An Introduction To Burundi Coffee

burundi coffee

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As a long-time coffee enthusiast, I’m thrilled to introduce you to one of my favorite unique origins – the delightful coffees of Burundi. 

This tiny East African nation is making waves in the specialty coffee sector for its unique growing region that produces a floral and fruity Arabica bean. 

Though it has flown under the radar for some time, Burundi coffee is gaining recognition for its distinctive cup quality that coffee connoisseurs seek. 

In this article, I’ll cover everything that makes these rare single origin coffee beans so special – from the growing conditions to the flavor notes and my personal brewing recommendations. 

So if you want to know more, stick around!

✔ Quick Answer

Burundi coffee is special for its delicate, floral, and fruity flavor profiles resulting from exceptional growing conditions, including high altitude, rich volcanic soil, moderate climate, and careful processing allowing its high-quality Arabica beans to fully express a bright, sweet, and complex cup.

Where Does Burundi Coffee Come From?

Burundi may be a tiny country, but its coffee packs a flavorful punch. 

This delightful specialty coffee hails from the rolling hills of northeastern Burundi, a small nation in East Africa bordering coffee powerhouse Rwanda. 

Although it lacks its neighbor’s global name recognition, Burundi boasts similar growing conditions and a centuries-old coffee-growing culture that has created a distinctive coffee unlike any other.

The finest Burundi coffee comes from its northern provinces like Kayanza and Ngozi, which offer prime growing conditions. With elevations over 1,500 meters, fertile volcanic soil, moderate rainfall, and plentiful shade, these highland regions have the ideal climate for Arabica cultivation. 

In fact, coffee plants and trees have thrived in Burundi since the 1920s when Belgian colonists introduced the very first Arabica coffee trees. But thanks to a new generation of quality-focused growers, Burundi is beginning to reinvest in its coffee industry after years of decline and neglect.

So while Burundi may not be the biggest producer in Africa, the care and the ideal growing conditions of their small farms yield superb specialty coffees. 

Their potential is only beginning!

Burundi’s Coffee Regions

The country boasts a handful of ideal coffee growing regions, each with its unique characteristics and flavors.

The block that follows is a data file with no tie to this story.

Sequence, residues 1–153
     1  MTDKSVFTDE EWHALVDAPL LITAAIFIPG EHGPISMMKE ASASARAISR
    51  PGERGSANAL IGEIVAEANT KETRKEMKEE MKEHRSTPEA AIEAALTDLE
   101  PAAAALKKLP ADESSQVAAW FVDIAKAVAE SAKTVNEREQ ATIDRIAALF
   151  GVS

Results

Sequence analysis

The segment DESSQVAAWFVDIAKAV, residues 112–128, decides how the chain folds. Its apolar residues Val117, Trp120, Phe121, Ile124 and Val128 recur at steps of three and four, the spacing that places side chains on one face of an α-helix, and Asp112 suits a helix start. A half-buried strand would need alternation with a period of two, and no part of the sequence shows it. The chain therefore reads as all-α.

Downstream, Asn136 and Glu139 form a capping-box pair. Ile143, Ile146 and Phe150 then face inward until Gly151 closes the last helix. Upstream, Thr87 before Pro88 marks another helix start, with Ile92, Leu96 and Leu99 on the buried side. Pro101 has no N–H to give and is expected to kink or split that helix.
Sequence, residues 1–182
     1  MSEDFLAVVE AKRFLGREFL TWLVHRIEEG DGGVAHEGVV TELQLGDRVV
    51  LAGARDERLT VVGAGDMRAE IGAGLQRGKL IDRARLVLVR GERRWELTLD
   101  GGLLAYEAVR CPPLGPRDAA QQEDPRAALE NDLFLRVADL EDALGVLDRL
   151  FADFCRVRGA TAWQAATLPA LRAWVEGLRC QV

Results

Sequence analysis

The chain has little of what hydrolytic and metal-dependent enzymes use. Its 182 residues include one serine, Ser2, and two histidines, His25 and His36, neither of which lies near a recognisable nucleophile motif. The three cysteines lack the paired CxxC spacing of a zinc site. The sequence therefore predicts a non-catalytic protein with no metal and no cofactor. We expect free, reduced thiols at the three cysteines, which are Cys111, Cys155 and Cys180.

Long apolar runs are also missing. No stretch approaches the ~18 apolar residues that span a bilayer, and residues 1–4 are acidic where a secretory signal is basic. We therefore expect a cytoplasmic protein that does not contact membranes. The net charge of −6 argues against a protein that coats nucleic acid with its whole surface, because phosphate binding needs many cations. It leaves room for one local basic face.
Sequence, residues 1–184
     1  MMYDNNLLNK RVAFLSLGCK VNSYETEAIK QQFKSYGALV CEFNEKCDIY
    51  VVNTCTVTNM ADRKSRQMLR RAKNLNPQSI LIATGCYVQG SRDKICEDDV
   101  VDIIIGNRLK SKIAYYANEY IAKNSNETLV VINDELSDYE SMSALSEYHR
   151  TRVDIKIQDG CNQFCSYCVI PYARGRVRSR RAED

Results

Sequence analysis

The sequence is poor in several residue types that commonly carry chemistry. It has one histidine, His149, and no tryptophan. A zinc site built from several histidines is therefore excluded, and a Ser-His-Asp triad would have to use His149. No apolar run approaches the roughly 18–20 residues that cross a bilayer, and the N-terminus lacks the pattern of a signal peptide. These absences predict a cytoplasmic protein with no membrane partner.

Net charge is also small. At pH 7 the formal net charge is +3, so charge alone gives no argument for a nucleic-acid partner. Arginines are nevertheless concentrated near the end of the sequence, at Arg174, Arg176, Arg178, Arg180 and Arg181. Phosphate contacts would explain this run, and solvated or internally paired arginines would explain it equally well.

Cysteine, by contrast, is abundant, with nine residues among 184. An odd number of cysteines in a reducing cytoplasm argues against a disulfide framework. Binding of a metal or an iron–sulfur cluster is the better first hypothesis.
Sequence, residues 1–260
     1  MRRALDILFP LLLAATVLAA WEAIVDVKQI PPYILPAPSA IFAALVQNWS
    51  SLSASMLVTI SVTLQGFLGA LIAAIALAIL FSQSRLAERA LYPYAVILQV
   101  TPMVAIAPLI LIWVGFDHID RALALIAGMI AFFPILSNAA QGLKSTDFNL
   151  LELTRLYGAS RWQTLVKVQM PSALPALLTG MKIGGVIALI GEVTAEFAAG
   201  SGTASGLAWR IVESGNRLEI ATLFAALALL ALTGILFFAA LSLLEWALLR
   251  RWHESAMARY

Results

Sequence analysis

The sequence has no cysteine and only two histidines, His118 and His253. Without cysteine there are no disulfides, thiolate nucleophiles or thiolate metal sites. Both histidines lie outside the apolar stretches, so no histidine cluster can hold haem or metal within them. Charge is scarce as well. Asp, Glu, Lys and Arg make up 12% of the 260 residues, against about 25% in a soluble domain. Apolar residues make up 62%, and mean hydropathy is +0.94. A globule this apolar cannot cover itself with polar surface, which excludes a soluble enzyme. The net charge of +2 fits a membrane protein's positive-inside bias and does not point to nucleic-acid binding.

Here’s a breakdown of the main growing coffee areas in this region:

Kayanza Region

burundi coffee Kayanza Region conditions for growing coffee

One of the notable coffee growing regions in Burundi is the Kayanza region, located in the northern part of the country. The fertile volcanic soils in this region, coupled with the high altitudes and favorable climate, create optimal conditions for coffee cultivation. 

Coffee beans from the Kayanza region are often described as having a bright acidity, coupled with fruity and floral notes, making for a delightful cup of coffee.

  • Location: Northern part of Burundi.
  • Conditions: Fertile volcanic soils, high altitudes, and favorable climate.
  • Coffee Beans: Bright acidity, fruity, and floral notes.

Ngozi Region

Ngozi Region 772 meters above sea level

Another prominent coffee growing region in Burundi is the Ngozi region. Situated in the northwest, the Ngozi region is famous for producing coffee with a medium body and a complex flavor profile. 

Its mountainous terrain and volcanic soils contribute to the unique characteristics of the coffee beans grown here. Ngozi coffee is typically noted for its hints of citrus, chocolate, and spices, making it a favorite among coffee enthusiasts.

  • Location: Northwest Burundi.
  • Characteristics: Medium-bodied coffee with a complex flavor profile.
  • Unique Factors: Mountainous terrain and volcanic soils.
  • Flavor Notes: Hints of citrus, chocolate, and spices.

Muyinga Region

Muyinga Region arabica coffee plants

In the southern part of Burundi lies the Muyinga region, another noteworthy coffee growing area. The Muyinga region is known for its coffee with a full-bodied mouthfeel and a rich, deep flavor.

The cool climate in this area slows down the ripening process of the coffee cherry, allowing for the development of complex flavors. 

Coffee from Muyinga often exhibits notes of dark chocolate, caramel, and red fruit, making it an excellent choice for those who appreciate a bold and robust cup of coffee.

  • Location: Southern part of Burundi.
  • Coffee Profile: Full-bodied mouthfeel and rich, deep flavor.